Monday, February 22, 2021

  • Monday, February 22, 2021
  • Elder of Ziyon
CNN has the story of Hani Almadhoun and his family, who were stranded in Gaza when they went to visit Almadhoun's dying grandfather. They went to Gaza via Egypt on in early November and then they couldn't leave as Egypt blocked the Rafah crossing due to COVID.

Parts of his story doesn't quite add up, but CNN reports his experiences as accurate.

About a week after Almadhoun's grandfather died on November 19, the crossing was closed due to Covid-19 restrictions.

..."We realized we were stuck around December 25 ... that's when we started worrying," Almadhoun said.
After his grandfather's death, apparently the family decided to hang around in Gaza for several more weeks. During a pandemic.

The State Department makes it crystal clear that it strongly discourages travel to Gaza at any time, let alone during a pandemic:

Gaza:  The U.S. government is unable to provide emergency services to U.S. citizens in Gaza as U.S. government employees are prohibited from traveling there and are restricted from traveling close to the Gaza demarcation line.  Hamas, a U.S. government-designated foreign terrorist organization, controls the security infrastructure in Gaza. The security environment within Gaza and on its borders is dangerous and volatile. Sporadic mortar or rocket fire and corresponding Israeli military responses may occur at any time. During periods of unrest or armed conflict, the crossings between Gaza with Israel and Egypt may be closed.
So why on Earth did these US citizens choose to stay in Gaza when they could have and should have left?

But instead of asking that question, CNN reports on their plight - and their complaints about the US State Department for not helping them escape

Given his past experiences traveling to Gaza as a US citizen, and the Covid-19 pandemic, Almadhoun expected the US Embassy would help.
"It's not like we went to Gaza to smoke hookah. We went to see our dying grandfather," he said. "It was a human thing to do. We didn't expect not to get any help, or even just kind words, from the American embassy. All their replies were robotic and scripted."
Almadhoun believes that if his family was not Palestinian, the US Embassy in Jerusalem would have treated them differently.
"I never received help from them in the past, but I hoped with the pandemic they were feeling more human," he said. "It's like, you're an American citizen yet when they see you're Palestinian, that's all you are, and that's how you're treated. If they ask if you have a Palestinian ID card and you do, they stop listening."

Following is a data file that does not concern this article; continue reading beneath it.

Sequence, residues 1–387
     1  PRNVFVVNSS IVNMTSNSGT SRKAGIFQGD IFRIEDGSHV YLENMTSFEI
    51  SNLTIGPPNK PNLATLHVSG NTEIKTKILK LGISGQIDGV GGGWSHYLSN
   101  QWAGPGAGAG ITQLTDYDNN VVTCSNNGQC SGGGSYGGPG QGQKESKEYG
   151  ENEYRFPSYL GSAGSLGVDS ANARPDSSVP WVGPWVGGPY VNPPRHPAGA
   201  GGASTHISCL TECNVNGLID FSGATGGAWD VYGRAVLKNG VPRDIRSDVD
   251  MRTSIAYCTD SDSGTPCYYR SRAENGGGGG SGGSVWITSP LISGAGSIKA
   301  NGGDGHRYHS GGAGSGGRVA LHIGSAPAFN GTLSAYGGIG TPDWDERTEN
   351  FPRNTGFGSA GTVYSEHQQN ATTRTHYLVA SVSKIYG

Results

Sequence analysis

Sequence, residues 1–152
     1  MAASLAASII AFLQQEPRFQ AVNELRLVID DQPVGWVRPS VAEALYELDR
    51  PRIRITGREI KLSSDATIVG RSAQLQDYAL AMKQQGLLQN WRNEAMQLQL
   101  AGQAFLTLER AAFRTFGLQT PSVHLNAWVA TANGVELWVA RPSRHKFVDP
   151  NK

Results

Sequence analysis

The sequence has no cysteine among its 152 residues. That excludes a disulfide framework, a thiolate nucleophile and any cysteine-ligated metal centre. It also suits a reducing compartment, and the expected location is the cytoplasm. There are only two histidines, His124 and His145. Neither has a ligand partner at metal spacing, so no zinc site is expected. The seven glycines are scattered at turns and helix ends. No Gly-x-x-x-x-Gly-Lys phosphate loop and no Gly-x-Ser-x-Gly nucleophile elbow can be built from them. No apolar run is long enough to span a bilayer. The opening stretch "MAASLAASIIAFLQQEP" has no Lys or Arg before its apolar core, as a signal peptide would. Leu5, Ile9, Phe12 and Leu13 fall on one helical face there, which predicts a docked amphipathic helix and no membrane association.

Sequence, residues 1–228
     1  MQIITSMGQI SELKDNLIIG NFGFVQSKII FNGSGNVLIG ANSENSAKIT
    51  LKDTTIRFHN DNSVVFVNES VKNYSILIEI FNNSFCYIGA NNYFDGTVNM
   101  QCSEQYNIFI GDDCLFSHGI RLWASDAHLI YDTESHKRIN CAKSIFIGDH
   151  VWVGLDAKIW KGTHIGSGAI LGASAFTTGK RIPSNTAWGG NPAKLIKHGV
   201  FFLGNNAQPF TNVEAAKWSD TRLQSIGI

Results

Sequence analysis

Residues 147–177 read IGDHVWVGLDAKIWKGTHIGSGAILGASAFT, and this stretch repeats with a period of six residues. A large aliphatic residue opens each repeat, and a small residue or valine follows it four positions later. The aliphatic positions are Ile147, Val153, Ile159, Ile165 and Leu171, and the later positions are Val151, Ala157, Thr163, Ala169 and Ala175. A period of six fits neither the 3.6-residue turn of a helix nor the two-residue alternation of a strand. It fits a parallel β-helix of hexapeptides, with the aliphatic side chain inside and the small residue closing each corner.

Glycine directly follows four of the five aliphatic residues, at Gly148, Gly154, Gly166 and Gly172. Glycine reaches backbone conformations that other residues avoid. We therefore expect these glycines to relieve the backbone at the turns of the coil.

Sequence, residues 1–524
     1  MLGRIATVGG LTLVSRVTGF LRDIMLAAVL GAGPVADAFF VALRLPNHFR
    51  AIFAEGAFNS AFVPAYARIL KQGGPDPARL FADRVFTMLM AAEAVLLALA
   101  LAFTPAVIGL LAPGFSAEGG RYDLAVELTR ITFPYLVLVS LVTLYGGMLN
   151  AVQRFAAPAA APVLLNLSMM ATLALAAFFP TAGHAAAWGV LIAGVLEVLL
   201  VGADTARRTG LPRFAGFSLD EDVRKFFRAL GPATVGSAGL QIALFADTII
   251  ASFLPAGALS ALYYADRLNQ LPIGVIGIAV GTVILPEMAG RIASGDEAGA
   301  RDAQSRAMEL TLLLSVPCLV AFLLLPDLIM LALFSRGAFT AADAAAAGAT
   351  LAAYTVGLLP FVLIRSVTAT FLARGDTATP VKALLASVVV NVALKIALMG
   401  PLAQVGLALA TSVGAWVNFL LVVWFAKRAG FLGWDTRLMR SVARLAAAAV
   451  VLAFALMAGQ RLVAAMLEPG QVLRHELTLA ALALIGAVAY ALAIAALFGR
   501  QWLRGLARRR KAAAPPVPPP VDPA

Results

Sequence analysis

So did the US Embassy help him in the past or didn't they? The contradiction isn't cleared up. But the State Department makes it clear there is only so much they can do.

In the end, the family appealed to a senator to contact Egypt and allow them to leave a few days after the Rafah crossing opened. 

There were some other parts of Almadhoun's story that were strange as well:

On many nights, while spending time with his family or working remotely, Almadhoun said he could hear the sounds of drones flying overhead and what sounded like missiles striking targets not far from their home in Gaza City.
"Being in Gaza is hard. At times it was hell. You get maybe six or eight hours of electricity a day, and some days there is not even water," Almadhoun said. 
I looked up how many times there were Israeli airstrikes in Gaza during the 100 or so days the family was there. It happened on only four nights, according to the UN: 11/15, 11/21, 12/26 and 1/18. Each of them were in response to Hamas rocket attacks to Israel. There were also some "work accidents" during that time period, but Almadhoun reports every explosion he heard as an Israeli airstrike - and CNN didnt fact-check him/

Also, OCHA-OPT says that Gaza averages 14 hours of electricity a day during the time the family was there. It is possible that he only got 6-8 hours of electricity where he was, but again, CNN took his statement as being truthful for all of Gaza. 

But why shouldn't CNN believe him? Why shouldn't CNN give him the benefit of the doubt?

Because Almadhoun works for UNRWA-USA, which depends on demonizing Israel for its funding. Members of UNRWA-USA have a history of anti-Israel slanders. 

An Arab family decided to essentially vacation in Gaza, and they then blame Israel and the US for making their trip less than enjoyable. And CNN happily reports their story without any skepticism.

(h/t Mathew)


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